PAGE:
Care staff we spoke with told us they used people's care plans to make sure they understood how to deliver care in a safe and appropriate way.

We saw prescribed medicines were given to people when they needed them.

All the people we spoke with told us they felt safe living at Phil Mead House.

We saw there was a Mental Capacity Act (MCA) 2005 policy in place. The manager understood her responsibilities under the MCA and Deprivation of Liberty Safeguards (DoLS). We were told that no DoLS applications had been made. We saw records that showed staff had received some training in mental capacity awareness.

Is the service effective?

People had an individual care plan which explained what their needs were. People told us they had been involved in their care assessment. They told us their contributions had been listened to and included in their plan of care.

People had access to health care professionals who visited the home on a weekly basis to support people's health care needs.

We found staff had received the necessary training and supervision to enable them to provide safe and appropriate care for people.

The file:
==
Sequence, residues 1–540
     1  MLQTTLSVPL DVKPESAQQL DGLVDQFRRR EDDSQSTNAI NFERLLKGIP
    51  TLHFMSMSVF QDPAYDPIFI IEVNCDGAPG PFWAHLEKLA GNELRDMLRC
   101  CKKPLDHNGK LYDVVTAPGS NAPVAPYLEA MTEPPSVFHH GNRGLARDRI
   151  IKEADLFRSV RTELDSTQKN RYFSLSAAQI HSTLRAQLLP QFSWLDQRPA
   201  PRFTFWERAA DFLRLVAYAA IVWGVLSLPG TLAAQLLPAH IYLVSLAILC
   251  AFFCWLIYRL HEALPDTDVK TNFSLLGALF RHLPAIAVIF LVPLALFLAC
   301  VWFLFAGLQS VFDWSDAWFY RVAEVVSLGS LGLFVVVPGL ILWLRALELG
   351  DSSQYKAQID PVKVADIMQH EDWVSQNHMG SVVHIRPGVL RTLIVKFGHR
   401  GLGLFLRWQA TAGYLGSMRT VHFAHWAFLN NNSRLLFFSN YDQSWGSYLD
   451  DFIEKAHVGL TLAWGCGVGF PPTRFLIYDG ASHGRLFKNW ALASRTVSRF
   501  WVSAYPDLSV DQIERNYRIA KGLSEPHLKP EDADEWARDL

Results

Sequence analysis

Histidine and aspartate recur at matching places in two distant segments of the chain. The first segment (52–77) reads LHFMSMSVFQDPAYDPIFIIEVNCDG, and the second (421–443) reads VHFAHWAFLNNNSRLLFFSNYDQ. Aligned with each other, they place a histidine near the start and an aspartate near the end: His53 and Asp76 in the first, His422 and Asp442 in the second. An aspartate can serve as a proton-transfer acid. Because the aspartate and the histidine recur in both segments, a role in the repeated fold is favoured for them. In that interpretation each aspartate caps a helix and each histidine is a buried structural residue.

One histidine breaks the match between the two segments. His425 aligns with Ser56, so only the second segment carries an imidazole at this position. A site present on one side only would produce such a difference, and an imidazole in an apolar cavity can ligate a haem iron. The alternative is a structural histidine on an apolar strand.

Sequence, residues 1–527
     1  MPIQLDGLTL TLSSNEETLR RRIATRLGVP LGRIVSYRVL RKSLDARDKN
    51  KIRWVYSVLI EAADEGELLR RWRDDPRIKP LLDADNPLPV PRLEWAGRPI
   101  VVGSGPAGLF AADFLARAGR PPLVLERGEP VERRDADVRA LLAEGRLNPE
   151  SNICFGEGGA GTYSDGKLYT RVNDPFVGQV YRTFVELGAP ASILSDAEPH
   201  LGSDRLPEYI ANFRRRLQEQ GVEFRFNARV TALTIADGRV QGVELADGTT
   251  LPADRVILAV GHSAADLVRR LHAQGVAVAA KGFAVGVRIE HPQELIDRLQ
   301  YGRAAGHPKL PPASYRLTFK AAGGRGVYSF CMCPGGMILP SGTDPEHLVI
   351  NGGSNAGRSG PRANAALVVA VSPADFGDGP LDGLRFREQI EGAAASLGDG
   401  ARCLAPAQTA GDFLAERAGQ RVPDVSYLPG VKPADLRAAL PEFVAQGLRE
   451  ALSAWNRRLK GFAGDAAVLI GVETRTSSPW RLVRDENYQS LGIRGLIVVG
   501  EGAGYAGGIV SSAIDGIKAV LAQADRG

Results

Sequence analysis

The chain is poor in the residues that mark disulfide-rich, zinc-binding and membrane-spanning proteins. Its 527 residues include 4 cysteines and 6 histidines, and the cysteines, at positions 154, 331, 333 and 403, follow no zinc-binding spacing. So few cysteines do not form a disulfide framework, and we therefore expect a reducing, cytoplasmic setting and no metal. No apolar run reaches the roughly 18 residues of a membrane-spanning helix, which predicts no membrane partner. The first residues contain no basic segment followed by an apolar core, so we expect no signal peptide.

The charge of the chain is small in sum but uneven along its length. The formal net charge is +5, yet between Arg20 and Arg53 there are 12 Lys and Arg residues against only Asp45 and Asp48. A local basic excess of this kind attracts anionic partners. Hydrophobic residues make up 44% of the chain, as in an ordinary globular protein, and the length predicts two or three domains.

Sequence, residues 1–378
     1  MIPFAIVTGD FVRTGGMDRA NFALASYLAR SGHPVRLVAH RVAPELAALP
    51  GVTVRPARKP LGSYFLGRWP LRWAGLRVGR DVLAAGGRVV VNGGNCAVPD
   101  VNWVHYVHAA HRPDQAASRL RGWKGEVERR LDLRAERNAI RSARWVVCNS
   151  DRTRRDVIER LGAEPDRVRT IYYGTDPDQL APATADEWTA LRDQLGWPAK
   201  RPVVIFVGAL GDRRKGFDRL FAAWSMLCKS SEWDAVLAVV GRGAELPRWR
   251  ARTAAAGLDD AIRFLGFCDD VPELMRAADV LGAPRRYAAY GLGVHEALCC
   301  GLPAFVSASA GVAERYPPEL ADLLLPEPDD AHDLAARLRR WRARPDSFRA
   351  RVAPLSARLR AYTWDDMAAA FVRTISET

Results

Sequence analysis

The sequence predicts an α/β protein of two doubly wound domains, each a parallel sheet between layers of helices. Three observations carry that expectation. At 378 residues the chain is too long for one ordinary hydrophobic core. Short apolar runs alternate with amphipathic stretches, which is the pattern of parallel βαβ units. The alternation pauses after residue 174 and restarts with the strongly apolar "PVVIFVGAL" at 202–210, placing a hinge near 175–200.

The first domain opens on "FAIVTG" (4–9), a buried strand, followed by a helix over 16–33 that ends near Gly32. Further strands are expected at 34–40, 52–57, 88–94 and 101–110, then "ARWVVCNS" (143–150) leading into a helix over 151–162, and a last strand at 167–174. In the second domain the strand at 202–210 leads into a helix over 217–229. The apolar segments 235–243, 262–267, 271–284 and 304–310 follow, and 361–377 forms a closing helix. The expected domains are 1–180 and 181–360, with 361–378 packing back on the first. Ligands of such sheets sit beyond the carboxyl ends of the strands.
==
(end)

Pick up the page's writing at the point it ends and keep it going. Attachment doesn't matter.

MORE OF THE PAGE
Is the service caring?

We saw staff were kind, caring and patient in their approach towards people. We saw when staff carried out care tasks they treated people with dignity and respect.

We spoke with two relatives and six people who used the service. We asked them their views of the staff. They told us, 'I can't sing their praises enough.' 'Excellent, all very pleasant.' 'I can't speak highly enough of them.'

Is the service responsive?

We saw regular reviews of people's care plans were carried out. This enabled changes in people's needs to be identified and acted upon. We saw care plans reflected people's changing needs.

We saw when staff identified health concerns these were promptly followed up with a health professional. This meant people promptly received any medical treatment required to maintain their health.

People told us they felt confident in raising any concerns with the manager and felt they would be addressed. All of the people we spoke with were satisfied with the service they received.

Is the service well led?